You can often tell whether a snake is active in the day (diurnal) or during the night (nocturnal) by looking at its eyes. Diurnal snakes, such as the pictured Common Gartersnake, typically have round pupils and moderate-sized eyes. Many nocturnal snakes have large eyes and many also have vertical, elliptical pupils. A round pupil is able to close tightly to a pinpoint opening, allowing a minimum amount of light to enter the eye on very bright days. In contrast, a vertical pupil can open wider than a round pupil to allow more light to enter the eye, a useful adaptation for night vision.


How Snakes Smell

Many snakes, including this Common Gartersnake, use smell to track their prey.  In the roof of a snake’s mouth are two openings, called the vomeronasal  organ, also known as Jacobson’s organ.  Snakes smell by sticking their forked tongue in the air, keeping it constantly moving while they collect particles (mostly pheromones) on it from the ground, air and water.  Next they pull their tongue back into their mouth and insert it into their Jacobson’s organ (one fork in each opening).  Then the particles are analyzed and the snake determines whether prey or a predator is in the vicinity.  


Common Gartersnake Pigments

12-8-10      Common Gartersnake

The Common Gartersnake (Thamnophis sirtalis) is New England’s most common and widespread snake.  It’s not unusual to find one that has been run over on the road, but rarely have I found a carcass of one in the woods, especially this late in the year.  Gartersnakes usually are hibernating (often in groups) in rock crevices, rotting logs or holes dug by mammals by October or so.  The warmer-than-usual fall certainly allowed for extended basking in the sun and the ability to find active earthworms later in the season.   If you look closely you may see that this gartersnake has a blue tinge where it’s normally a greenish color. Yellow and blue pigments in a snake’s skin fuse to produce the green color in living snakes. After death, the yellow pigment breaks down very quickly, whereas the blue pigment is more stable and remains much longer. Gartersnakes that have been dead for a while can have bright blue dorsal and lateral stripes.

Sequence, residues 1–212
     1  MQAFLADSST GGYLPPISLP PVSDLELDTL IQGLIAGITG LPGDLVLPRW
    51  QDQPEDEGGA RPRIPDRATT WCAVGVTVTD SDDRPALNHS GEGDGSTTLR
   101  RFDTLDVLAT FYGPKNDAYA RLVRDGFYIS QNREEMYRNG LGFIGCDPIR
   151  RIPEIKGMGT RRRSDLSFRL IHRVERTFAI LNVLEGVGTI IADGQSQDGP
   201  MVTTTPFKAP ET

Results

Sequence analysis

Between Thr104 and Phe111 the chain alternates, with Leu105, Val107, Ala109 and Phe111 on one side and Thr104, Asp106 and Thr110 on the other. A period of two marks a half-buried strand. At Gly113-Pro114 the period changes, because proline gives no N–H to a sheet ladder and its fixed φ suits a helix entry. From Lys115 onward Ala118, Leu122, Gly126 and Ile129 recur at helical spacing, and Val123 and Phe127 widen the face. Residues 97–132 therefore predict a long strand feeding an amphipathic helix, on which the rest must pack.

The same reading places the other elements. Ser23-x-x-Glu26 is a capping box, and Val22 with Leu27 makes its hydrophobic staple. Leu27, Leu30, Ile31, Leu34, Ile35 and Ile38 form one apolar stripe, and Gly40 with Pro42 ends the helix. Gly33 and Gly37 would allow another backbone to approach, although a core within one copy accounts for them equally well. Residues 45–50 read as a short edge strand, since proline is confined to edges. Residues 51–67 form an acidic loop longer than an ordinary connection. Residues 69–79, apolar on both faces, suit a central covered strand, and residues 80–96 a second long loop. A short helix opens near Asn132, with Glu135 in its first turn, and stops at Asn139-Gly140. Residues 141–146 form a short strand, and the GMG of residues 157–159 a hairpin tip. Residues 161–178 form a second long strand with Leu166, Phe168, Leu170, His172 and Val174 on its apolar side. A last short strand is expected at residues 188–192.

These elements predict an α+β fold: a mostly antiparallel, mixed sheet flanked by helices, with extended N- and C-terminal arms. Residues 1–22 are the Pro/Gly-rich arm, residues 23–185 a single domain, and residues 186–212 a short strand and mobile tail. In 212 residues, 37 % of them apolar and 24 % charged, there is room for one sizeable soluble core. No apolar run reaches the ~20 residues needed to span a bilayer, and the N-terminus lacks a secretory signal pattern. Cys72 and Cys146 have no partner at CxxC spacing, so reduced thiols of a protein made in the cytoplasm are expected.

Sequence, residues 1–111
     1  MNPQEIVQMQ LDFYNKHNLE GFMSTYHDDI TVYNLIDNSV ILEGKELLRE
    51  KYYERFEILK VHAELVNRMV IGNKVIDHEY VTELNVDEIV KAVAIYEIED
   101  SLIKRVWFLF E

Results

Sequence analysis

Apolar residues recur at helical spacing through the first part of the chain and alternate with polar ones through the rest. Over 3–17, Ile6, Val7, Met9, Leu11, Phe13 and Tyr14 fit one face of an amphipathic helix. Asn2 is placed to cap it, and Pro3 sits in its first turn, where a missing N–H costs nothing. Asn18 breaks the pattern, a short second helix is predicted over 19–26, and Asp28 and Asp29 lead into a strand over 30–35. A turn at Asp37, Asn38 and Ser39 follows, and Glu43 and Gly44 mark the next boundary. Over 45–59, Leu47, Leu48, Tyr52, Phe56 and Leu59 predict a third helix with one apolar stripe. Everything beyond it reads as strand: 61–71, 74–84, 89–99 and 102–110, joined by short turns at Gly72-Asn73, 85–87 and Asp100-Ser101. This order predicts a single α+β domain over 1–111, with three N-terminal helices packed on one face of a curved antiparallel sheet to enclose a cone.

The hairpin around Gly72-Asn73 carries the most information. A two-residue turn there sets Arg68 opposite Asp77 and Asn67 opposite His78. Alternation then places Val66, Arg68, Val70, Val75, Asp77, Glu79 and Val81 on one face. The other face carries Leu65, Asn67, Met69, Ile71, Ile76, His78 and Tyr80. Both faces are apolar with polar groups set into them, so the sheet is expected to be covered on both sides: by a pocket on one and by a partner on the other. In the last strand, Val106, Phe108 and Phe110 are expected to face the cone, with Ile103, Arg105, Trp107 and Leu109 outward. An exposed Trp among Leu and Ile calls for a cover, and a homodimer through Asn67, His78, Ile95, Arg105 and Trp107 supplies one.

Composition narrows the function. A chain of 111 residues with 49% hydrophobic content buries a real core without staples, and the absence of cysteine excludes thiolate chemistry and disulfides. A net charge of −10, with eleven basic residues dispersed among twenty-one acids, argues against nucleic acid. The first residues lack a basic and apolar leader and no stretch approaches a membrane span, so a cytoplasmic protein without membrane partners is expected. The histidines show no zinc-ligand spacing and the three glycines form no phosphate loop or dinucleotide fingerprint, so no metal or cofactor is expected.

Common Gartersnakes Giving Birth

Most species of snakes lay eggs (oviparous), but some give birth to live young (viviparous), including the common gartersnake (Thamnophis sirtalis).  Gartersnakes are born at this time of year, and are on their own from the moment of birth.  The greatest number of gartersnakes to be born in a single litter is 98, but 14 – 40 is more typical.  The common gartersnake in the accompanying photograph is a newborn, measuring 6 inches in length.